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    I agree. But, this has been in practice for some time! I have been personally affected from the lack of knowlegable staffing. I was given an IM injection into my sciatic nerve. I literally thought I was going to die. But, it happen at a national "doc-in-the-box" chain and they only hire "lay" people to do the job of nurses. Literally, NO nurses are employeed. Talk about be mad, I went to school for a long time to accomplish my goals and have worried hard to obtain my clinical skills, only to go to a HCF, which has "posers" as nurses. The general public does not know to question what someone is doing to them. I am affraid it will get worse!
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    Quote from Asystole RN
    If only there was a large national association for registered nurses that also had chapters in all 50 states...I honestly do not think LPNs and RNs can really coexist in a unified nursing body since the goals of the two are pretty conflicting and then the CNAs, techs and the like would also feel left out...
    Why would aides and techs feel "left out" of a nursing association? They are not nurses. On the other hand, we (LPNs) have every right to feel "left out" of the American NURSES Association.
    RN34TX and amoLucia like this.
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    Quote from Mijourney
    So, I contend (I know darts will be thrown in my direction) that part of the problem with de-skilling lies with us not accepting that we need to standardize nursing educational requirements. That will partly solve the nurse educator shortage as well as the de-skilling problem. Alright, let me have it!
    I agree with you and not in the way you think. I think the standard entry level nurse should be at the associate level scrap the LPN (yes even though I am one) and merge them into the role.. The BSN should equal having extra skills and knowledge not being some hodge podge of entry level and experienced nurses.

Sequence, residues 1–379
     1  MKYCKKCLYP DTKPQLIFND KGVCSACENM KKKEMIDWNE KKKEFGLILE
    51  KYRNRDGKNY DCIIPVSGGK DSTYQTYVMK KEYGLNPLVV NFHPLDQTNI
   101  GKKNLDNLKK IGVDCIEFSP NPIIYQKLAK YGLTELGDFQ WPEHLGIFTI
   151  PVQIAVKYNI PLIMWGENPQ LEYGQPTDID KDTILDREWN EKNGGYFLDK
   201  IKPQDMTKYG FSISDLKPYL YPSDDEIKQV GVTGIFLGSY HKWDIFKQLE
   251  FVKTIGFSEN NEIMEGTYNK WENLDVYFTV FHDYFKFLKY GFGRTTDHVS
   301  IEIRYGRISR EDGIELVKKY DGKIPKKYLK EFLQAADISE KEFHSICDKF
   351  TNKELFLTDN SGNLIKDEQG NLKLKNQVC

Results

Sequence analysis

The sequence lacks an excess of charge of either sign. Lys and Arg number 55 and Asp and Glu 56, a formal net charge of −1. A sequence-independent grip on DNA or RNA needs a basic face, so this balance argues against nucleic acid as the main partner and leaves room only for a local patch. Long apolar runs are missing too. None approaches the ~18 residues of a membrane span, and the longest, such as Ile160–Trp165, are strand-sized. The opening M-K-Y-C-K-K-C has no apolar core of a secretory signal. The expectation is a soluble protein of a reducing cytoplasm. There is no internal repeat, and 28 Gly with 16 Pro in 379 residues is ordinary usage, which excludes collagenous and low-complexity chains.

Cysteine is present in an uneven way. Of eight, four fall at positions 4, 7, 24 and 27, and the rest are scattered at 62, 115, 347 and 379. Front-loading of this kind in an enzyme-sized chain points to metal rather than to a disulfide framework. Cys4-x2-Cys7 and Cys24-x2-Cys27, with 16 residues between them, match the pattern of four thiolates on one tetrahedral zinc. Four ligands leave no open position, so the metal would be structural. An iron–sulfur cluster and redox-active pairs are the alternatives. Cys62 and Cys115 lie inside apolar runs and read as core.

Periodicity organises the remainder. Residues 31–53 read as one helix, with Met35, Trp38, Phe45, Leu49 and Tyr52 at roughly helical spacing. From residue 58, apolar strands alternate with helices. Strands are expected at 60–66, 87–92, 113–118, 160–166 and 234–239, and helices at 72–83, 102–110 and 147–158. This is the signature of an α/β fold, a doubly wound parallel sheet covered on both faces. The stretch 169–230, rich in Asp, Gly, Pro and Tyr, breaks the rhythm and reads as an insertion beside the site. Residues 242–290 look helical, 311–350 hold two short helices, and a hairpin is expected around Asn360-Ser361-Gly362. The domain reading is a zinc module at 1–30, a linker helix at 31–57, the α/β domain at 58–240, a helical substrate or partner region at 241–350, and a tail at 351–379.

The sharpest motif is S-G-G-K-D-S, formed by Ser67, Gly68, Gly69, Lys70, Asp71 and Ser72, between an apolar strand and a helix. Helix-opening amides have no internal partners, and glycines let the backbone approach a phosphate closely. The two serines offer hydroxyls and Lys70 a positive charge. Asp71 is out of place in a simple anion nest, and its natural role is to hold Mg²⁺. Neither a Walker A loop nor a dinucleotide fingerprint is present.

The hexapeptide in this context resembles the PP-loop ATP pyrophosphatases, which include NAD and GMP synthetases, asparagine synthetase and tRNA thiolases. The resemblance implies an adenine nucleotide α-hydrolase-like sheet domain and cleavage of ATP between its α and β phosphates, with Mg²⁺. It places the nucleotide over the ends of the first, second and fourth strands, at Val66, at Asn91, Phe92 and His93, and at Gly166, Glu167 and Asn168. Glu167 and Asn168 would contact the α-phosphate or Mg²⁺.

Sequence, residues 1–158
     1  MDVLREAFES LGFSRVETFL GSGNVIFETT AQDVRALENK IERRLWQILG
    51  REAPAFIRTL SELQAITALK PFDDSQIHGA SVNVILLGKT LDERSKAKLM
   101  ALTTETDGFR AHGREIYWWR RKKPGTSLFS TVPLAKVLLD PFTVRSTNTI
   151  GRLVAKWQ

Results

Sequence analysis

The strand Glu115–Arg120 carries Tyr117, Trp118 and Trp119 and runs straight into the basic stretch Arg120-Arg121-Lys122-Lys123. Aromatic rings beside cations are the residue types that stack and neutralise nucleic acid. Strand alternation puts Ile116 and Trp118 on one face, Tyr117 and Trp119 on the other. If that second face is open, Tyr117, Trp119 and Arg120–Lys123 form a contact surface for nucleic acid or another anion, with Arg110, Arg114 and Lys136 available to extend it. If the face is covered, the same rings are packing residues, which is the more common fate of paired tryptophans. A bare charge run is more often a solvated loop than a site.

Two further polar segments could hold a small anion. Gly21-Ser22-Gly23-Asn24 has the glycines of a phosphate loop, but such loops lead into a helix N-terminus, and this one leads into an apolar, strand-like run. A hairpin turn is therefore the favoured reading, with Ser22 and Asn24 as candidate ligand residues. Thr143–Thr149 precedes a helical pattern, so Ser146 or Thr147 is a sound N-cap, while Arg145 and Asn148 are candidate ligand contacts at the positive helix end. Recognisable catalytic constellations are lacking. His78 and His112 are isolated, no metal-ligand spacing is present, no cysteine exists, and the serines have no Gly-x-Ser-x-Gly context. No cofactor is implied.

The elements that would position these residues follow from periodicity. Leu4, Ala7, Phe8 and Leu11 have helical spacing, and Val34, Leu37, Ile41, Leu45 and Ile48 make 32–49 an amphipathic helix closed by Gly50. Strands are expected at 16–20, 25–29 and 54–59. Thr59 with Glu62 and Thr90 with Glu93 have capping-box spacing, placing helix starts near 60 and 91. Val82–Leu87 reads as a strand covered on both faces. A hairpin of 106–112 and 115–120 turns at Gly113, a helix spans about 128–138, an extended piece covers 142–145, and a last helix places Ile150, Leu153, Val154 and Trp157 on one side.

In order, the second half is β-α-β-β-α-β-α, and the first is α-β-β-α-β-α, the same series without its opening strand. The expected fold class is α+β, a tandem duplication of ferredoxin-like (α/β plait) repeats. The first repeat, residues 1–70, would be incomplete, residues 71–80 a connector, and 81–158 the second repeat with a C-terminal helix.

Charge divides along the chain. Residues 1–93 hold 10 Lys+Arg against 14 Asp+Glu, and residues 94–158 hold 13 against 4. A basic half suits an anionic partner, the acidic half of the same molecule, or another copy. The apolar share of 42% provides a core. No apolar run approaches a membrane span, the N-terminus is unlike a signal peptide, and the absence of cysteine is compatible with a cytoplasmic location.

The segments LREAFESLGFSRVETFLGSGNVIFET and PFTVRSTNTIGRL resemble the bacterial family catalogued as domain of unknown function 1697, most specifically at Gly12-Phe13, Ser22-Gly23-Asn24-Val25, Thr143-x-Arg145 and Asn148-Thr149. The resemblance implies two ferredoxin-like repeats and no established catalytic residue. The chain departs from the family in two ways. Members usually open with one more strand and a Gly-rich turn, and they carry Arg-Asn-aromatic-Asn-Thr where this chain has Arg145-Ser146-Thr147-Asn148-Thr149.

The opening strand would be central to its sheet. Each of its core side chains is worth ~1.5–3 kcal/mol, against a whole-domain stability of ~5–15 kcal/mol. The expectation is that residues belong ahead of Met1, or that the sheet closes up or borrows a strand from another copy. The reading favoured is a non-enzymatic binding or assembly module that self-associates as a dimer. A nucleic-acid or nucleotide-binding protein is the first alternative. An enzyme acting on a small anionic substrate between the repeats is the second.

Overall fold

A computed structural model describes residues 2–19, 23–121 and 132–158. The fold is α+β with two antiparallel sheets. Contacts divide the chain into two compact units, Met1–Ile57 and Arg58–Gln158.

If you make the entry level nurse a BSN or higher your probably going to exacerbate the deskilling problem as staff becomes more and more expensive and less and less inclined to do hands on care.

    So basic nurse = 2 year program which fits in which the educational infrastructure we have now. People in their cry to BSN only always fail to look at the fact that many nursing programs don't have the ability to phase up to that level since they are not at bachelor's degree issuing institutions.

    Do the extra 2 years to get a BSN well that should be an extra endorsement to your license. Perhaps an extra exam maybe in a specialty. Make the BSN "mean" something more than a vague concept of moving into management

    I think sometime we get caught up on ideals and ignore the practicality. We need to blend what we want with what the system needs otherwise they'll just invent a new title that will replace nurses entirely.
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    Quote from Asystole RN
    I honestly do not think LPNs and RNs can really coexist in a unified nursing body since the goals of the two are pretty conflicting and then the CNAs, techs and the like would also feel left out...
    I think your wrong on that point. The problem is that we have separate nursing bodies/unions that fight against each other. If we were in the same body it might be rough at first but things would be smoothed out and optimized eventually and yes the CNA's would be left out but it would be a nursing body so thats expected

    In my state the LVNs and the RN's have different BON and that causes some problems.

    I'm all for nationalized licensing maybe even get rid of the two titles and have a level system of education and licensing but I'm from a country originally that had that kind of system for all levels of education and titles.

    But wouldn't in be great if we had a system where career advancement up the clinical ladder wasn't solely tied to your facility.
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    I noticed this many years ago and I am glad that it is being brought to the attention of many people.